LONDON (Reuters) – Credit card firms must review how they treat customers that have been in persistent debt to help them save up to 1.3 billion pounds a year in lower interest charges, Britain’s Financial Conduct Authority said on Monday.
New rules came into force in March 2018 to help customers that have, over a period of 18 months, paid more in interest, fees and charges than they have repaid on the principal balance on their card.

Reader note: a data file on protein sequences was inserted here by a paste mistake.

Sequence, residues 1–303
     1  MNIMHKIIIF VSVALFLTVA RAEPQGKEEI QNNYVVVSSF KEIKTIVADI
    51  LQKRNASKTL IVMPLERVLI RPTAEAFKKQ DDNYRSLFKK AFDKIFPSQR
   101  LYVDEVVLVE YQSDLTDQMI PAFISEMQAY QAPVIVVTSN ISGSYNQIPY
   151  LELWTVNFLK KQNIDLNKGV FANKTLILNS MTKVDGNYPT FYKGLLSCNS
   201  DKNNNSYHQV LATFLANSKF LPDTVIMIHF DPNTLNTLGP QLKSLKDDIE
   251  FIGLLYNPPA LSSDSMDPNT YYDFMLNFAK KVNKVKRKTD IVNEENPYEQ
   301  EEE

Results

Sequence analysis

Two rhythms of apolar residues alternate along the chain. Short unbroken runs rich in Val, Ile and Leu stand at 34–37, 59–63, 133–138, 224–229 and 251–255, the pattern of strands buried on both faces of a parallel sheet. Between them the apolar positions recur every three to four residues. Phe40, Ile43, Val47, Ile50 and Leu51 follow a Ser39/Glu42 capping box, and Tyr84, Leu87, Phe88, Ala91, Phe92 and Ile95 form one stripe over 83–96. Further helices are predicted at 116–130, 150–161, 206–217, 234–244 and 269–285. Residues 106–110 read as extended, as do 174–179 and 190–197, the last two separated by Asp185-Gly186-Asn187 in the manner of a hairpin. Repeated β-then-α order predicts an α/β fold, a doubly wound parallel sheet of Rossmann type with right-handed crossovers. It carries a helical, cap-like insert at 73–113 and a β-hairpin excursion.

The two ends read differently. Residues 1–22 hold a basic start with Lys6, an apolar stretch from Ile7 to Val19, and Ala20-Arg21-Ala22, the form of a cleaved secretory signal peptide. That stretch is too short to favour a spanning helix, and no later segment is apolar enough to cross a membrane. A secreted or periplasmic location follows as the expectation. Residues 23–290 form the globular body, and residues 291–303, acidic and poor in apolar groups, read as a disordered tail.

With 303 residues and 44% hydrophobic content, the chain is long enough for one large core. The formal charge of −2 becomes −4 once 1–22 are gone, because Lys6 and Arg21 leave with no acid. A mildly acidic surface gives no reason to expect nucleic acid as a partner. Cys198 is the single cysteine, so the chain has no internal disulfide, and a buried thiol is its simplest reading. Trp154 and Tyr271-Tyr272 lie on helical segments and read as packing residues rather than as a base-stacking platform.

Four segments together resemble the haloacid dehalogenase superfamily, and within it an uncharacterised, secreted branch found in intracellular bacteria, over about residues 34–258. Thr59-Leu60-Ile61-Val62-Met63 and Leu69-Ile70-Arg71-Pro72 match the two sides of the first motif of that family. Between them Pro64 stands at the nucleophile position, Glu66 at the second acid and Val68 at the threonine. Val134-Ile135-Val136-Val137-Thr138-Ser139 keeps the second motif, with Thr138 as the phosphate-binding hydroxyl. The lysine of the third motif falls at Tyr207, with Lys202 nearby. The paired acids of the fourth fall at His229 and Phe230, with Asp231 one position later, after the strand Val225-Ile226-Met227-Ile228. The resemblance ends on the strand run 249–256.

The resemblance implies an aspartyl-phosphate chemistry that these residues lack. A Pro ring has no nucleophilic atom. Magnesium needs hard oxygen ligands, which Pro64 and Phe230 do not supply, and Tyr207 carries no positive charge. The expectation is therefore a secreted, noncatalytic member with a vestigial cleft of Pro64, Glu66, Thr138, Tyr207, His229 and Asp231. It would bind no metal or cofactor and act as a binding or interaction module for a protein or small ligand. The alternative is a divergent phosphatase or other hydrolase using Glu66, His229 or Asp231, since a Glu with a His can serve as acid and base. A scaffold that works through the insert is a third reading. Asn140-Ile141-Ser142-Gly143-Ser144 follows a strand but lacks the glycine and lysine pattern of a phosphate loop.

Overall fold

The FCA said in a letter to CEOs of credit card firms on Monday that following a review of the rules, it was concerned that firms are proposing repayments options which are not reasonable, and even planning “blanket” suspension of credit cards.
“Where we identify poor practice, we will take swift action to ensure customers are being treated fairly and our rules are being followed,” Philip Salter, director of retail lending at the FCA, said in the letter.
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